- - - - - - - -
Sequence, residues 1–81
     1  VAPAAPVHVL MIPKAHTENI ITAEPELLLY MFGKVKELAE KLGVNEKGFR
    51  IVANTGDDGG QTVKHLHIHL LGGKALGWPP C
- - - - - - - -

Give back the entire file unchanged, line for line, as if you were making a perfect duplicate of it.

Sequence, residues 1–81
     1  VAPAAPVHVL MIPKAHTENI ITAEPELLLY MFGKVKELAE KLGVNEKGFR
    51  IVANTGDDGG QTVKHLHIHL LGGKALGWPP C